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DC Bag Tax Nets $150,000 For Anacostia River Clean Up

Photo courtesy of
‘Reusable Giant Bags’
courtesy of ‘Mr. T in DC’

The District’s 5-cent bag tax, which started in January 2010,  netted approximately $150,000 during its first month of enactment. According to the D.C. Office of Tax and Revenue, only 3 million bags were issued in the month of January compared to 2009′s 22.5 million bags per month average, and it appears that the new law DC shoppers has been successful in altering  shopping bag habits faster than was expected.

Prior to enactment, the new tax was estimated to generate $10 million in revenue over the next four years and would fund the Anacostia River Cleanup Fund. Given January’s results it appears that consumer behavior has changed so rapidly that this revenue may fall short of its original projection.

The Daily Feed, We Green DC

Bag Fees May Come to MD, VA

Photo courtesy of
‘Reusable Giant Bags’
courtesy of ‘Mr. T in DC’

Break out those reusable totes! DC’s new 5 cent fee for disposable bags is such a great idea that Virginia and Maryland may soon follow suit. That is, if two new bills pass.

This week, Maryland Del. Alfred Carr (D-18) introduced a bill patterned after the District’s that would give 3 to 4 cents per disposable paper or plastic bag to the Chesapeake and Atlantic Coastal Bays 2010 Trust Fund to pay for pollution mitigation.

Last week, Virginia Delegate Adam Ebbin (D-49) introduced a similar bill that works the same way and would benefit the Virginia Water Quality Improvement Fund. He says this approach could reduce taxpayers’ costs for cleaning waterways and lower stores’ expenses on bags.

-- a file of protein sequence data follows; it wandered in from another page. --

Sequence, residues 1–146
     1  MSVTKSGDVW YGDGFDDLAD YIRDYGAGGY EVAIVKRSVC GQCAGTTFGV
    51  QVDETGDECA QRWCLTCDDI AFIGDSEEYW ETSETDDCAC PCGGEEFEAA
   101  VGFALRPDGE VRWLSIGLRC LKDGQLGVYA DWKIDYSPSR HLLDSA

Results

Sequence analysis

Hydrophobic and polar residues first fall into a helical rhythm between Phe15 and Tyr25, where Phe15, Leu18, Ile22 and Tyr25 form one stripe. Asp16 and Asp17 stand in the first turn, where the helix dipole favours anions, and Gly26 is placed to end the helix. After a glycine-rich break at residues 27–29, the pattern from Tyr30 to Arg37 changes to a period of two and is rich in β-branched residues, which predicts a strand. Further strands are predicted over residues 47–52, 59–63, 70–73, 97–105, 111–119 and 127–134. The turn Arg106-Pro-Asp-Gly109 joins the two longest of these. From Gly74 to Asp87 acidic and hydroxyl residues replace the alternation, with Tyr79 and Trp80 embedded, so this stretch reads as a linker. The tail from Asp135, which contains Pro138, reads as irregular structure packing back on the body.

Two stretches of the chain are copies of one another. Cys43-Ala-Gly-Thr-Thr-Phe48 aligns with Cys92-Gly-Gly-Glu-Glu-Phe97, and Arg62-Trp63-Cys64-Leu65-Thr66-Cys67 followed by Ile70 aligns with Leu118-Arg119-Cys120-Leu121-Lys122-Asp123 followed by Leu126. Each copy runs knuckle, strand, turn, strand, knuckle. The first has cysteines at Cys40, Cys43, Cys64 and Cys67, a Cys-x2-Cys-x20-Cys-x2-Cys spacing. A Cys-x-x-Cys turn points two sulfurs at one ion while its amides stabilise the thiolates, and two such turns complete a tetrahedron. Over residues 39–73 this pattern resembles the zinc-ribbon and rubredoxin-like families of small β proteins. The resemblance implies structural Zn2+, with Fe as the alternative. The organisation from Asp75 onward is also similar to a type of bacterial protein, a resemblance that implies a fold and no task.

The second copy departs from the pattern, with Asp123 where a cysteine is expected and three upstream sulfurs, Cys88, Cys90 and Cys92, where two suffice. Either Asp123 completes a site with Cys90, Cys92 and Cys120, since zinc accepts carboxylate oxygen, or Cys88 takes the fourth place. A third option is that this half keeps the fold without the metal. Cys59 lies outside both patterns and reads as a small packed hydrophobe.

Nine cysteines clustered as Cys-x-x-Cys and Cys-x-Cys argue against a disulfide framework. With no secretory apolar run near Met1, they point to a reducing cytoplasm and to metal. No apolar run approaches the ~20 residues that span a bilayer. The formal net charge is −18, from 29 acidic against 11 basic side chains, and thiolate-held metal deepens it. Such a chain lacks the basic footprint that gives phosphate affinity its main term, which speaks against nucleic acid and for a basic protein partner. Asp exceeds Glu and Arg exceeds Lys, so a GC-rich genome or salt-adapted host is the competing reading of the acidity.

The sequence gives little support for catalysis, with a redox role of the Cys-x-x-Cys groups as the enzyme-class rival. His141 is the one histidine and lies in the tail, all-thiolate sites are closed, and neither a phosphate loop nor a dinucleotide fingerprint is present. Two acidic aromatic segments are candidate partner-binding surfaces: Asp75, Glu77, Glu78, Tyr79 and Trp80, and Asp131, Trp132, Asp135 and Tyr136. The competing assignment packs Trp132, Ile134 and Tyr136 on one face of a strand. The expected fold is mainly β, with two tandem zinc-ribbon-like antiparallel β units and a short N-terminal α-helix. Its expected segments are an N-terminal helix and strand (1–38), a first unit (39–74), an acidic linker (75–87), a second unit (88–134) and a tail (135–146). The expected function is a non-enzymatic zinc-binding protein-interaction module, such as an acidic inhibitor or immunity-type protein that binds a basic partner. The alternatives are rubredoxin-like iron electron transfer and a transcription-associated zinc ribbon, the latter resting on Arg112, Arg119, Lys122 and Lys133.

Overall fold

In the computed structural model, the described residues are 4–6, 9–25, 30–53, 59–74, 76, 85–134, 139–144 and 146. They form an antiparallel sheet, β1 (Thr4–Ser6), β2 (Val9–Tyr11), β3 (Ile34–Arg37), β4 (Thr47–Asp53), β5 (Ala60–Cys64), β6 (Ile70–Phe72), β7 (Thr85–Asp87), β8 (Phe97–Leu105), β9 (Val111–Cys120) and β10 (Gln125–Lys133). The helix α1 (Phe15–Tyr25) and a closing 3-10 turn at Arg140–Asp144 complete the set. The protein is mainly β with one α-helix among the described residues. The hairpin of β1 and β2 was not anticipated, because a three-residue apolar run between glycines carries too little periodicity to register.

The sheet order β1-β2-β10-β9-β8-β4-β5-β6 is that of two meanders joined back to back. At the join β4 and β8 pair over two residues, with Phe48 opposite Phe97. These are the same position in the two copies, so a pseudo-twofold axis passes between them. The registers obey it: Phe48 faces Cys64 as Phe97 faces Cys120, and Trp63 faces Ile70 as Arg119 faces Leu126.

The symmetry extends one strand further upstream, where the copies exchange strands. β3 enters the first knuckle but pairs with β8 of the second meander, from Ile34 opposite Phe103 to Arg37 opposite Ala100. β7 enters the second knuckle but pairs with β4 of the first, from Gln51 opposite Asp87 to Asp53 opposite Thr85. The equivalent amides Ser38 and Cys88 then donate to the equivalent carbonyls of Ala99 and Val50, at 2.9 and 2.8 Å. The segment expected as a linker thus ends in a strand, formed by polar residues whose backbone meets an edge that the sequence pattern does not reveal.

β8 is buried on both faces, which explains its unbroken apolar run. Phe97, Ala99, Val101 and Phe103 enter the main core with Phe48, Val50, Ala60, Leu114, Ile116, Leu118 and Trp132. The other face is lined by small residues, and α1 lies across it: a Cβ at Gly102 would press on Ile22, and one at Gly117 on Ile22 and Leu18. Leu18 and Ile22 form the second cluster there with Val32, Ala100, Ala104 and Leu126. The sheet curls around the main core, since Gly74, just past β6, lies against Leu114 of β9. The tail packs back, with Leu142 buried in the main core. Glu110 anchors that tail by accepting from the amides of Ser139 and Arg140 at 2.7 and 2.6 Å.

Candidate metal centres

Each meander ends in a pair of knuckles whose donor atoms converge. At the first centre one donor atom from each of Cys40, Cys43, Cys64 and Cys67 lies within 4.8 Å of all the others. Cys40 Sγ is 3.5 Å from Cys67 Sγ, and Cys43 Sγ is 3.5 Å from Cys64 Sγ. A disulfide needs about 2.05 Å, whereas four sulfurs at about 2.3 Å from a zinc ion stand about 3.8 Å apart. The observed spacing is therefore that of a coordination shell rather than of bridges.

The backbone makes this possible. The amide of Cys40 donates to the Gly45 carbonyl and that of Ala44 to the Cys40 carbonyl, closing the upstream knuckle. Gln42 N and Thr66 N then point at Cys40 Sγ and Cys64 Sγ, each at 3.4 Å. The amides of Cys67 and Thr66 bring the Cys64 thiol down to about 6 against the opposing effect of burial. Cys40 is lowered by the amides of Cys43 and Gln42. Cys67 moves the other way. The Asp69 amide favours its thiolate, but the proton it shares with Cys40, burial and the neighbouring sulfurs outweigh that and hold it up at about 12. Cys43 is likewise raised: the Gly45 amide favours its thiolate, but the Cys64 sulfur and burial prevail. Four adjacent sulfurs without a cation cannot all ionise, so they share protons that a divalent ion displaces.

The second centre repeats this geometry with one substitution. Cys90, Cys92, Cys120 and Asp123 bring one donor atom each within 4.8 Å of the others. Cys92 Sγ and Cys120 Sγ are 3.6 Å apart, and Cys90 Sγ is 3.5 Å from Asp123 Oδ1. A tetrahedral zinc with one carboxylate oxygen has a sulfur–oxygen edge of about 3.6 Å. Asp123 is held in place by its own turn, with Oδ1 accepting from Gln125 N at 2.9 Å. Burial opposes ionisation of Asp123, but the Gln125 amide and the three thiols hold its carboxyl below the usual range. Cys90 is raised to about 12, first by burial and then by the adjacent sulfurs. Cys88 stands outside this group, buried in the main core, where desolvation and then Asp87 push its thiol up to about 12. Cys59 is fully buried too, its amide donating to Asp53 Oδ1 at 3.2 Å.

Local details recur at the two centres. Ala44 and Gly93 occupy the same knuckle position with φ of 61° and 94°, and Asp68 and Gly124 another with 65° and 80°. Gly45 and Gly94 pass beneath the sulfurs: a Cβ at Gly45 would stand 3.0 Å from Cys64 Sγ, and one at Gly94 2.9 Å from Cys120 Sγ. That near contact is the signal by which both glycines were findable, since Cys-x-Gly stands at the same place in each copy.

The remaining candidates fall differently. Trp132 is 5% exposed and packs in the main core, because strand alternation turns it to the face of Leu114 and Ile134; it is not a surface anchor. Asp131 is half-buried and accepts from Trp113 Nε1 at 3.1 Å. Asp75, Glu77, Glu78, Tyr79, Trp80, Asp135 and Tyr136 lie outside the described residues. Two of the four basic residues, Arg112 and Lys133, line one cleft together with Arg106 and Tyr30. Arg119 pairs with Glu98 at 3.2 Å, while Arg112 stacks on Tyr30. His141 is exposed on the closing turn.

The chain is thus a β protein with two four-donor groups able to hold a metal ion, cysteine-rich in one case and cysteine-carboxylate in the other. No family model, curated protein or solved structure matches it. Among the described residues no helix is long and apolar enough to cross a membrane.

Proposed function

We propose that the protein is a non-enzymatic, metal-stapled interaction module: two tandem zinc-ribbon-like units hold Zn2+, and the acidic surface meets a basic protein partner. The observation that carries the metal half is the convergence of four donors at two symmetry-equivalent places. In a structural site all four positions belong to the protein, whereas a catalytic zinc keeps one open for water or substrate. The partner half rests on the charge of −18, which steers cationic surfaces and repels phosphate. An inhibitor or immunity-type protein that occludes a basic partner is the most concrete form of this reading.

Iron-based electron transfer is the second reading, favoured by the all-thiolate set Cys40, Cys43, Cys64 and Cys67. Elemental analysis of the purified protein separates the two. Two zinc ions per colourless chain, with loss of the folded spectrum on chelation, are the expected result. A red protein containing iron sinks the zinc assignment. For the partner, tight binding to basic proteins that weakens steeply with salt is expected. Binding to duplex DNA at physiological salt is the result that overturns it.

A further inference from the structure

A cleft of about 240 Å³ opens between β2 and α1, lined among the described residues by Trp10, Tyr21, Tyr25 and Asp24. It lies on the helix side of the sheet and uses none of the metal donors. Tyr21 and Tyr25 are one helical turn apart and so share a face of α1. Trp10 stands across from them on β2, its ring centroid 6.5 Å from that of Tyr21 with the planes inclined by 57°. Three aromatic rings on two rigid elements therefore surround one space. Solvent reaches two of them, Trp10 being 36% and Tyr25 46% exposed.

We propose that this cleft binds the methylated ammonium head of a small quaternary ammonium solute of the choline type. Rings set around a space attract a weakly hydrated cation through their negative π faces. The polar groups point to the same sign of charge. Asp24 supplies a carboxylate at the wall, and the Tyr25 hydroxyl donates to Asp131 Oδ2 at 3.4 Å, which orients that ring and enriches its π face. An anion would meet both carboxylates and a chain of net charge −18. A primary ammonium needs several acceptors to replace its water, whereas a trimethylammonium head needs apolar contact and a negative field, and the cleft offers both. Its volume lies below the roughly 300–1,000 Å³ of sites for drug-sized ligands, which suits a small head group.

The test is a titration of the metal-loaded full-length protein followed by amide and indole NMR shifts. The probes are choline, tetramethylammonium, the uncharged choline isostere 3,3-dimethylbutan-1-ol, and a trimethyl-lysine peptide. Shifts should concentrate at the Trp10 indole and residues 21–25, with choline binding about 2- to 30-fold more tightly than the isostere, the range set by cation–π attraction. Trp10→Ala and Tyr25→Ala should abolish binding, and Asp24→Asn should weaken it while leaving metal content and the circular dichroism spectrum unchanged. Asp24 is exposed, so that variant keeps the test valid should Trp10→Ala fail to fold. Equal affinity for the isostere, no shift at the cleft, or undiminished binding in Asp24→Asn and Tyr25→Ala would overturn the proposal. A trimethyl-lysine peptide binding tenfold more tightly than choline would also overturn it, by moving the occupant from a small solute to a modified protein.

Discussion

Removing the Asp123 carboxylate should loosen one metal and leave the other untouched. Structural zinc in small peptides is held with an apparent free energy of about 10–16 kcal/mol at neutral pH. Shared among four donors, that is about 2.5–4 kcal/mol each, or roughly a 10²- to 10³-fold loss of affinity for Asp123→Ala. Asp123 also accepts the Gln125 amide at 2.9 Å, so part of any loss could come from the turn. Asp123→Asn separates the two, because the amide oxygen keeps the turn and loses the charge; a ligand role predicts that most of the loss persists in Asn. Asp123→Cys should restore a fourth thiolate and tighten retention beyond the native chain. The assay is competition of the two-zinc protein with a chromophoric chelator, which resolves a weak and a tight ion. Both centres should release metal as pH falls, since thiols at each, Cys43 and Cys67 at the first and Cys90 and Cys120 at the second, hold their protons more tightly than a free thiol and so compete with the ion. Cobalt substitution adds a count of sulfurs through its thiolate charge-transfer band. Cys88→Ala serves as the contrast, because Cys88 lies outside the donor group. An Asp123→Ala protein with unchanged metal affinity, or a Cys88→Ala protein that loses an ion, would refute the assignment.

Both bills exempt some bags, including those for meat and produce, restaurant carry-out and dry cleaning.

The Daily Feed

Area Stores Help You Avoid the Bag Tax

Photo courtesy of
‘If Poop Grew On Trees’
courtesy of ‘maxedaperture’

The bag tax is going into effect on Friday, and you’ll be paying 5 cents for every disposable bag you use. But to take the sting out of the tax while still getting shoppers to use reusable bags (which is the point of all this anyway), several stores are partnering with the city government to make reusable bags freely available for a limited time to their customers.

At DC Giant locations, baggers will be putting customers’ purchases into reusable bags for free this Friday for a week starting this Friday, up to a quarter million bags (thanks for the correction from Giant’s PR people!). Harris Teeter locations will be giving away bags to VIC card users who spend at least $20. Safeway will be giving away reusable bags through local non-profits, while CVS will be giving them away at their locations (though Wells’ office doesn’t specify for how long). Target, on the other hand, will be providing a 5 cent discount (in addition to the 5 cent bag tax you avoid paying) for every reusable bag you provide.

Personally, I’m not a great rememberer-of-reusable-bags, but when I use them, I always ask myself why I haven’t developed better habits about it. Aside from any environmental or cost concerns, I can fit a lot more groceries in my one Kiva foldable bag (hell yeah that’s an affiliate link), and the sturdy straps on a reusable bag make it a lot easier to carry a heavy order home.

The Daily Feed, We Green DC

Bag It

Photo courtesy of
‘String grocery bag’
courtesy of ‘bradipo’

Starting Jan. 1, if you want to tote your vittles or booze home from the store in a disposable bag, it’ll cost you 5 cents. All monies collected will go to the Anacostia River Cleanup and Protection Fund to clean up the river.

Yesterday, DC announced the Skip the Bag, Save the River education campaign and, in a sign that someone’s thinking, that it would give free reusable bags to 122,000 low-income residents and senior citizens.

I am all for this. In addition to keeping the river clean, it could save DC residents money. Money spent on trash removal now is passed along in water bills and taken away from programs that help people. And it will lower the environmental costs of producing one-use bags from oil or trees, transporting them, and disposing of them.

One tip: Come Jan. 1, keep your empty bags by your door or in your car where they’re easy to see and grab.